The European Data Protection Board (EDPB) has published a new register containing decisions taken by national supervisory authorities following the One-Stop-Shop cooperation procedure (Art. 60 European General Data Protection Regulation (GDPR)) on its website.

Under the GDPR, Supervisory Authorities have a duty to cooperate on cases with a cross-border component to ensure a consistent application of the regulation - the so-called one-stop-shop (OSS) mechanism. Under the OSS, the Lead Supervisory Authority (LSA) is in charge of preparing the draft decisions and works together with the concerned SAs to reach consensus. Up until early June, LSAs have adopted 110 final OSS decisions. The register includes access to the decisions as well as  summaries of the decisions in English prepared by the EDPB Secretariat. The register will be valuable to data protection practitioners who will gain access to information showcasing how SAs work together to enforce the GDPR in practice. The information in the register has been validated by the LSAs in question and in accordance with the conditions provided by its national legislation.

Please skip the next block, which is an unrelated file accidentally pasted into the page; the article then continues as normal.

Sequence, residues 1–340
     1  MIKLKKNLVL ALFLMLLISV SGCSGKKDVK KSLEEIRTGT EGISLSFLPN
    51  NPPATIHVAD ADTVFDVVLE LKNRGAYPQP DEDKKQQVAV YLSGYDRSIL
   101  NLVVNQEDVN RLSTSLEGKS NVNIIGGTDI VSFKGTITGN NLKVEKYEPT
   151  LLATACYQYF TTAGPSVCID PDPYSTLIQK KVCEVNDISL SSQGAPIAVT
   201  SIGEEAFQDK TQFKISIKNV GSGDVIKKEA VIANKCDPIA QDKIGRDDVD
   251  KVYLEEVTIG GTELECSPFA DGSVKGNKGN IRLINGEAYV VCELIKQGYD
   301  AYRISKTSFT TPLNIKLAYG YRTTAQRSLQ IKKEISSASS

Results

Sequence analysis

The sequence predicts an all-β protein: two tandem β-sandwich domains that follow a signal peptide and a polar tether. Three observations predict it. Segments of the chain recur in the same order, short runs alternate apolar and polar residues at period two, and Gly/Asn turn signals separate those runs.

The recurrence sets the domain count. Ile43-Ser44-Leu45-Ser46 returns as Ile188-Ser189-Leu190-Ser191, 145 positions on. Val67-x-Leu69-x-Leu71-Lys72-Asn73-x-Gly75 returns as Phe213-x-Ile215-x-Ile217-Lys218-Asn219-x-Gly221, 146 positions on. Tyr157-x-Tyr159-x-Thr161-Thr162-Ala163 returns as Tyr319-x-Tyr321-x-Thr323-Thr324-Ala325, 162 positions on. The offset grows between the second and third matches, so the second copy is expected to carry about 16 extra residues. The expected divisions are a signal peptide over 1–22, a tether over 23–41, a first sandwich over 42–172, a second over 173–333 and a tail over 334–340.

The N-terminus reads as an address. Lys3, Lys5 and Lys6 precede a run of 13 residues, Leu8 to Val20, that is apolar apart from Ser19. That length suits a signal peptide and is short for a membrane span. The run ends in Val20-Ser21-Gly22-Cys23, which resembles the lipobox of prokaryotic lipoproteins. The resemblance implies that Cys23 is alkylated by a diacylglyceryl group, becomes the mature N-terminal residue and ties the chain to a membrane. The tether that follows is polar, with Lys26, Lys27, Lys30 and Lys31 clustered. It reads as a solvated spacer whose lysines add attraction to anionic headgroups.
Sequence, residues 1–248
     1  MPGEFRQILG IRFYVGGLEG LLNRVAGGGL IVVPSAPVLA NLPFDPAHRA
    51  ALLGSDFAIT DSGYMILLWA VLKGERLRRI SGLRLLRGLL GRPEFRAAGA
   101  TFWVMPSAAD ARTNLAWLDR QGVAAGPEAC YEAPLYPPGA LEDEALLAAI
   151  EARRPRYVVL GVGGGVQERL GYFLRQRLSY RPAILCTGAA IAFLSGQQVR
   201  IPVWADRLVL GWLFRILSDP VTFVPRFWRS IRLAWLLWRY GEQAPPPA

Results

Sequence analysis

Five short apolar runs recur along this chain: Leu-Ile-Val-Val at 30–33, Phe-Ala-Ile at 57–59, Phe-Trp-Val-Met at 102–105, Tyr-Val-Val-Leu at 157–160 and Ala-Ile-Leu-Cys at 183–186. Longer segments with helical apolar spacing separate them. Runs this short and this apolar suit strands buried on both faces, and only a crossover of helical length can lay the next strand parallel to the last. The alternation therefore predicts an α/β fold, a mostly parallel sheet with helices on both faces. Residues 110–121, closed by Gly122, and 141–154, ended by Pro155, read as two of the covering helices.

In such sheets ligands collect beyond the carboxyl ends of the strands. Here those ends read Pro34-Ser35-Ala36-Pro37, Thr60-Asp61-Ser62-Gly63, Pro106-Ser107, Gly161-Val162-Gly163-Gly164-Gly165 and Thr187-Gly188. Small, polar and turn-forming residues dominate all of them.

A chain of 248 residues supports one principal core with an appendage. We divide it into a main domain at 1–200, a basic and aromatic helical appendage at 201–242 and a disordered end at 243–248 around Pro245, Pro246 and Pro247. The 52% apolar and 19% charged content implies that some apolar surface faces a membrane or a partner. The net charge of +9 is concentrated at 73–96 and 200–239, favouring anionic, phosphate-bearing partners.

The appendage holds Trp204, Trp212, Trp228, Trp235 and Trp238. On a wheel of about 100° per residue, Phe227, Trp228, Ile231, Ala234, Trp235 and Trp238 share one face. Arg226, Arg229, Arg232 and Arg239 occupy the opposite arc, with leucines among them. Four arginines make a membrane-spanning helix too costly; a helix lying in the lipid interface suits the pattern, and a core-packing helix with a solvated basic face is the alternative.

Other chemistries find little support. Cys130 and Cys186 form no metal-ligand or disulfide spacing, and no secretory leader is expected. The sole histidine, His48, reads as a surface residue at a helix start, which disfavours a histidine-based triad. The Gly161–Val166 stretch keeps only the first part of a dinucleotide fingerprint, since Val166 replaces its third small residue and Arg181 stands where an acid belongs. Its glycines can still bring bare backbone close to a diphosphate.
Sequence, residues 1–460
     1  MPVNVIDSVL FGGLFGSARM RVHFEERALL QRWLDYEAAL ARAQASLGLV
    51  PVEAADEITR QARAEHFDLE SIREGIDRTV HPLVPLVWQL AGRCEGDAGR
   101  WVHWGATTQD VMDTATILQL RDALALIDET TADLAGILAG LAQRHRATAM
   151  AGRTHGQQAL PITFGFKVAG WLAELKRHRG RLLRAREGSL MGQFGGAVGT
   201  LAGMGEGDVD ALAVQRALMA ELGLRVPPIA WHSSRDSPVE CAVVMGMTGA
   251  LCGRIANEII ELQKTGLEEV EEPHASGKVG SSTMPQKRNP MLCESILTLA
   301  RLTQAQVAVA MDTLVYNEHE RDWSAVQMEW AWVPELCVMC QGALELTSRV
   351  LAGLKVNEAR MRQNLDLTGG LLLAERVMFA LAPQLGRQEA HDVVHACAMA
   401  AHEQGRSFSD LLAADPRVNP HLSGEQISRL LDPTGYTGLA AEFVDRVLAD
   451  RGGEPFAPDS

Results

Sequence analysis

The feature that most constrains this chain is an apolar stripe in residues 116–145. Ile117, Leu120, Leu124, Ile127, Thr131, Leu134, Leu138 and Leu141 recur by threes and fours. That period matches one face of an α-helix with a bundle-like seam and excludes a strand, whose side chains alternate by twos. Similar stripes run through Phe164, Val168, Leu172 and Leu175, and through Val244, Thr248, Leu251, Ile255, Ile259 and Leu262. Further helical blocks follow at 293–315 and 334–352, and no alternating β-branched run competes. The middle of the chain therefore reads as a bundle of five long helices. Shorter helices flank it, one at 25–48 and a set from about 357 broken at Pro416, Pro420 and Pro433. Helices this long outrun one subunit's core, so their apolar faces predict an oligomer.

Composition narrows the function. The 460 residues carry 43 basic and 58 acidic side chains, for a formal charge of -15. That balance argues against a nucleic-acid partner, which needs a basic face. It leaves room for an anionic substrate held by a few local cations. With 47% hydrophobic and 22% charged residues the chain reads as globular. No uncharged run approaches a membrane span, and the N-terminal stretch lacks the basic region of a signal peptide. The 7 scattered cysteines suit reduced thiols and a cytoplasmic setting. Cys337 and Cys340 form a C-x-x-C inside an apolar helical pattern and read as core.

The register is accessible here

Thirty-second plenary session: Statement on the interoperability of contact tracing applications, statement on the opening of borders and data protection rights, response letters to MEP Körner on laptop camera covers and encryption and letter

During its 32nd plenary session, the European Data Protection Board (EDPB) adopted a statement on the interoperability of contact tracing apps, as well as a statement on the opening of borders and data protection rights. The Board also adopted two letters to MEP Körner - on encryption and on Article 25 European General Data Protection Regulation (GDPR) - and a letter to CEAOB on PCAOB arrangements.